After a rather confusing, and at times, troubling debate, the Senate Education Committee approved House Bill 442, the corporal punishment reform bill, this morning.
In case you haven’t been paying attention, all this modest little bill does is:
1) Require school officals to try and contact parents before administering corporal punishment,
2) Give parents the option of signing a form at the beginning of the school year to direct that their child or children not be subjected to corporal punishment, and
3) Require local school officials to keep records and statistics on the kids they hit.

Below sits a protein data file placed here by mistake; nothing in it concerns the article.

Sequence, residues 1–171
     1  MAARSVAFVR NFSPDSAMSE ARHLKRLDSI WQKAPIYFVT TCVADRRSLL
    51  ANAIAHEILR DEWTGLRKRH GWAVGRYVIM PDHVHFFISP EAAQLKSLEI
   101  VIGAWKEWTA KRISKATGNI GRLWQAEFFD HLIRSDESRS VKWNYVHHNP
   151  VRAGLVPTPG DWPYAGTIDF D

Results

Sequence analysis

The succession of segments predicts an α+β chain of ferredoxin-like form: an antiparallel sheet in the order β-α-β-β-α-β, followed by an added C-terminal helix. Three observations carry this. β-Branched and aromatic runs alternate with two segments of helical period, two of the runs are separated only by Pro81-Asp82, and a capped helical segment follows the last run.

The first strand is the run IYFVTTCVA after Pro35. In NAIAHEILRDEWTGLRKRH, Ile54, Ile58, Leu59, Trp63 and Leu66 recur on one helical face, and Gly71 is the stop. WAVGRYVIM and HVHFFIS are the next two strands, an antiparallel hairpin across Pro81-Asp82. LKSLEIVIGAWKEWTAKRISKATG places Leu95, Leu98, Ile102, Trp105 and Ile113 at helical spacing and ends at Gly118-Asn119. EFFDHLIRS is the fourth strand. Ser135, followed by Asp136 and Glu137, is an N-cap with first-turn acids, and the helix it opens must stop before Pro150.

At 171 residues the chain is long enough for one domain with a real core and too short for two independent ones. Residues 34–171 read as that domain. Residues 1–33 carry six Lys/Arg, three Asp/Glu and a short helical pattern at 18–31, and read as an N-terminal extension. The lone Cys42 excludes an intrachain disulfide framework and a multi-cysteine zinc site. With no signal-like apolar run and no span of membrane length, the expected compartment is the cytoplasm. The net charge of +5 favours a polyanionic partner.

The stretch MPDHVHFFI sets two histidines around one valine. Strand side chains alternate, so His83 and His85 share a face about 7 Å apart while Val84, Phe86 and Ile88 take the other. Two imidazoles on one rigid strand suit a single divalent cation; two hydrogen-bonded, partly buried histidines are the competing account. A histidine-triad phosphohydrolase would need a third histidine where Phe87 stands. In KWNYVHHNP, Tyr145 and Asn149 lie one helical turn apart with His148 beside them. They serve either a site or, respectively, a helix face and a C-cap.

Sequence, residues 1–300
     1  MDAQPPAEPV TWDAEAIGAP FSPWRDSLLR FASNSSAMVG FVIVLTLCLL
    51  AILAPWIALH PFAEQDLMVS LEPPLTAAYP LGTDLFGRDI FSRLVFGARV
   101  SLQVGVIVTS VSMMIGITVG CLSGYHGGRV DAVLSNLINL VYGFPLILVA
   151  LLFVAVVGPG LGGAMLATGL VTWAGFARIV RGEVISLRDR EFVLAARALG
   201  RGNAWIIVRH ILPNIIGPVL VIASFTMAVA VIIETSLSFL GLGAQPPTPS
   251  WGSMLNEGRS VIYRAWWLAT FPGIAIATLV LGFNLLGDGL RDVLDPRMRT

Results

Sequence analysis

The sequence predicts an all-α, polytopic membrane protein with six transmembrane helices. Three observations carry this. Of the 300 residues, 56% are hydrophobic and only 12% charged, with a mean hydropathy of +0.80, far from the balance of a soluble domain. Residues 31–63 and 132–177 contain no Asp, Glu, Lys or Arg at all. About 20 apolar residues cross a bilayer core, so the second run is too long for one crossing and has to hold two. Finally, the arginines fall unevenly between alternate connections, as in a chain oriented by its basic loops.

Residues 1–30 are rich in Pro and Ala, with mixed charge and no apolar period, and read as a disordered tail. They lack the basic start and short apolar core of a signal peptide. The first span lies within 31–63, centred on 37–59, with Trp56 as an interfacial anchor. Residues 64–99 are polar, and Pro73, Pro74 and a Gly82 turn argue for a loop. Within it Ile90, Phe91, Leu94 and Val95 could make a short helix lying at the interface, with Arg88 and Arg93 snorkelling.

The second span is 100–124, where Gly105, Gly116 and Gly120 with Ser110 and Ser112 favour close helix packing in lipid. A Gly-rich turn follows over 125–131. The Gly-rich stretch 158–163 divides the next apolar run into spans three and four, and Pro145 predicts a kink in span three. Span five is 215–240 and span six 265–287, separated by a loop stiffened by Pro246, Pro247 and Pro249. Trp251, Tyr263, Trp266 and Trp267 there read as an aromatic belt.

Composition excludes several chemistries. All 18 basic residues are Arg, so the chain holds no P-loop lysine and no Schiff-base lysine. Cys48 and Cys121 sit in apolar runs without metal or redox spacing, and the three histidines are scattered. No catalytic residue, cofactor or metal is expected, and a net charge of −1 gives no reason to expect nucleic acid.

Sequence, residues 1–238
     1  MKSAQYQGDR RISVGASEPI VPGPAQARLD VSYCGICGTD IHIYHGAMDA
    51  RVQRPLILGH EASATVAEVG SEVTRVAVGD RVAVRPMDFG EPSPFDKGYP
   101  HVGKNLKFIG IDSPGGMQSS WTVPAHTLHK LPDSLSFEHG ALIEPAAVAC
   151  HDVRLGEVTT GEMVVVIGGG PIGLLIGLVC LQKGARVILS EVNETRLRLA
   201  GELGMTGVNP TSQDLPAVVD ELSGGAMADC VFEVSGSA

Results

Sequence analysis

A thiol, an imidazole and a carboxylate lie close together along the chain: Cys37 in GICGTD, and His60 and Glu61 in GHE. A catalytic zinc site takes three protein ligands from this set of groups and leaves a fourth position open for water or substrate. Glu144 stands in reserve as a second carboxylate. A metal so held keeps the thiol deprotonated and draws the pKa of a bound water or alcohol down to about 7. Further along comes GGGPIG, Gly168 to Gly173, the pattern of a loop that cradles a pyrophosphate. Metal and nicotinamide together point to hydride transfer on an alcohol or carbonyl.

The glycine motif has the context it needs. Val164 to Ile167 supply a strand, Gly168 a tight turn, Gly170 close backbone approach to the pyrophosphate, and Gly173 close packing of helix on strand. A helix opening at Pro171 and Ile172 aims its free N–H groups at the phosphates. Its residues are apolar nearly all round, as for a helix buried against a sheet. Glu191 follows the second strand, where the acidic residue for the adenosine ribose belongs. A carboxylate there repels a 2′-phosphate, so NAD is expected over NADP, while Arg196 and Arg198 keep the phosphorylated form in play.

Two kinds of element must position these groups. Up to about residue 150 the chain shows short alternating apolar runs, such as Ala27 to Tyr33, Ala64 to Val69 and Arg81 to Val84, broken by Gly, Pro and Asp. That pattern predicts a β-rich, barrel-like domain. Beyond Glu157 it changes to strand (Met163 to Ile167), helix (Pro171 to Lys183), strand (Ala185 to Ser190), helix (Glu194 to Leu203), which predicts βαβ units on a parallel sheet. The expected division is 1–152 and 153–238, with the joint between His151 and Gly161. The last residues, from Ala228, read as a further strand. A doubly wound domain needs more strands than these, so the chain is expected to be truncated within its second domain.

Of course, these provisions would not apply to the many counties that have already banned the practice.
As is almost always the case with these discussions in the legislature, the debate featured numerous somewhat disturbing moments in which lawmakers “joked” about the beatings they or other legislators had received while growing up.
Perhaps the low point in the debate, however, came when one senator related that he was opposed to the bill because his wife, a third grade teacher, opposed it.
Got that? A woman who teaches eight and nine year olds is opposed to the idea of giving parents a veto over her striking their children or going to the “trouble” of calling them before she does so.
That argument alone ought to be grounds for passing the bill immediately.